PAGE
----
In an effort to provide further transparency for their consumers, companies such as Campbell Soup, Panera Bread and Walmart Stores Inc. are initiating developments and supporting legislation that will label food products possessing GMO ingredients, according to an article published last week in The Wall Street Journal.
GMOs, or Genetically Modified Organisms, are commonly used by U.S. farmers in the production of their crops because they help “produce toxins capable of repelling destructive bugs, or survive weed killing sprays, making it easier for farmers to defend their fields.” 90% of corn and soybean acres consist of genetically modified crops, according to the U.S. Department of Agriculture.
As the article additionally states, various health agencies agree that genetically modified crops are just as safe to eat as those produced more conventionally, but food companies and politicians are insisting for labels as a response to public scrutiny spawned by numerous organizations. Some consumers are concerned about the potential environmental and health impact that GMOs and their associated herbicides can cause, despite arguments – made by Cambell Soup Co. and others – that the process can assist with “providing food to a growing global population.” President Barack Obama signed a GMO bill over the summer that requires food companies to identify GMO ingredients by some method of communication in two to three years. All organic products can be labeled non-GMO under this bill.
With increased attention on GMO labeling by the general public, more information about the history of GMOs is being reported, including its impact on corporate farming models used by large conglomerates like Monsanto. Farmers have genetically modified crops for hundreds of years, selecting the most efficient hybrid plants that are proven to grow in the face of environmental issues. Only recently have consumers shown concern for GMOs due to the associated herbicides and pesticides that are approved to make them. Also, because corn and soy crops are versatile in their utilization (i.e. production of ethanol for our transportation vehicles, blended in numerous food products, fed to our livestock), most of the revenue made by Monsanto stems from their corn and soy crops (in other words, crops that are frequently genetically modified). However, Monsanto’s business is hurting small farmers, ruining their crops, and impacting their health due to a cancer causing chemical found in the pesticides the company uses for their crops, as reported by Isobel Yeung on VICE on HBO.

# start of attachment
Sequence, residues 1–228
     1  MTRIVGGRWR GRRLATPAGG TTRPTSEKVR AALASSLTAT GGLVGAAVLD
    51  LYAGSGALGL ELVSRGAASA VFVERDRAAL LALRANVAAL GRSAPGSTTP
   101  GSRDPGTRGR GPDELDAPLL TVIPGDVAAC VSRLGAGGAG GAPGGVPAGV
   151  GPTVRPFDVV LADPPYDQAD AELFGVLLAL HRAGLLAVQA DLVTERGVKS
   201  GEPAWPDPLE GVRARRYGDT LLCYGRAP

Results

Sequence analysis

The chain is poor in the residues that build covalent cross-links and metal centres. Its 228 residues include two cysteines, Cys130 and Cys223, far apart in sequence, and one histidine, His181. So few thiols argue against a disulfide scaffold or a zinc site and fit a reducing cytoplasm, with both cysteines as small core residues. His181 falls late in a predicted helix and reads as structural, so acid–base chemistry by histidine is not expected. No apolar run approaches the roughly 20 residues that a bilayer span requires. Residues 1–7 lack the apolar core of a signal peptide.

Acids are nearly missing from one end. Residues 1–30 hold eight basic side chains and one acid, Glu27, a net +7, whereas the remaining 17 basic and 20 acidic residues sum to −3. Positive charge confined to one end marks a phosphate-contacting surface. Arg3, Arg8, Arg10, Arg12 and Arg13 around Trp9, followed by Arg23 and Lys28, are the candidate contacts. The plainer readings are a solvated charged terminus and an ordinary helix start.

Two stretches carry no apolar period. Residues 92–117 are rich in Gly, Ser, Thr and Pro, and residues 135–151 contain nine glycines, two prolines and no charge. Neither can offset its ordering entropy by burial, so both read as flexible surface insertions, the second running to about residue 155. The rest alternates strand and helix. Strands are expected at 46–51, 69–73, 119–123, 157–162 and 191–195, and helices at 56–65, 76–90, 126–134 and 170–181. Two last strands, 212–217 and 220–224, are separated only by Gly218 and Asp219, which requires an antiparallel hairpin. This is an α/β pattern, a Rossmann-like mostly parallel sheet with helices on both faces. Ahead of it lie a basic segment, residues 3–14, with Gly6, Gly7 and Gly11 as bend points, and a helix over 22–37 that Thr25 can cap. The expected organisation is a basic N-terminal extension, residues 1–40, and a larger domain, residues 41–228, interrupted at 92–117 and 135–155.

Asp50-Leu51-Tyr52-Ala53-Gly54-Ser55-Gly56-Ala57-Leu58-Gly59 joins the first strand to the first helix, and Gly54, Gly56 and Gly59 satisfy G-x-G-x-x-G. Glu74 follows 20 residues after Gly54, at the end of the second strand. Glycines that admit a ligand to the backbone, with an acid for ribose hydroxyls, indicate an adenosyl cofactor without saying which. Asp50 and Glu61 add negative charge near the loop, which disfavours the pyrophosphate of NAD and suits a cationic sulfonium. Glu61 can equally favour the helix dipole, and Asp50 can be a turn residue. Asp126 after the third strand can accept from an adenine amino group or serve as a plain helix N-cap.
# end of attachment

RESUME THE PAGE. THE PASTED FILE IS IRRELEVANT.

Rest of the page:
What does this mean for the restaurant industry?
At this point, it’s difficult to gauge the economic impact these developments can have. Anti-GMO label lobbyists from some major food companies argue that putting labels on products will give consumers the impression that the food is not safe to eat, despite Ms. Yeung mentioning there is no definitive study that says so. Due to the molecular manipulation involved in cultivating GMOs, funded independent studies must be conducted in order to understand which specific DNA strains are harmful to humans. Ms. Yeung’s story discusses a new World Health Organization study that found glyphosate – an active ingredient found in Monsanto’s weed-killing pesticide Roundup – to be strongly linked to causing cancer. It forces the public to question if other pesticides that are used on corn and soy crops by Monsanto are known carcinogens.
News related to GMOs and food are not all bad however. As VICE editor Joe Langford, who worked on the GMO piece with Isobel Yeung, notes in an interview about the topic, there are so many other aspects to this story, including the “scientists trying to make genetically modified fruits and vegetables with real benefits for consumers.”
Most rational people will agree that GMOs that use carcinogenic pesticides is wrong and they deserve the right to know as a consumer. But simply denying the opportunities in food made from technological and scientific advances is also stubborn and compromises should be made accordingly. Our resources depend upon such actions. One thing is clear, when it comes to food, people will act swiftly and passionately.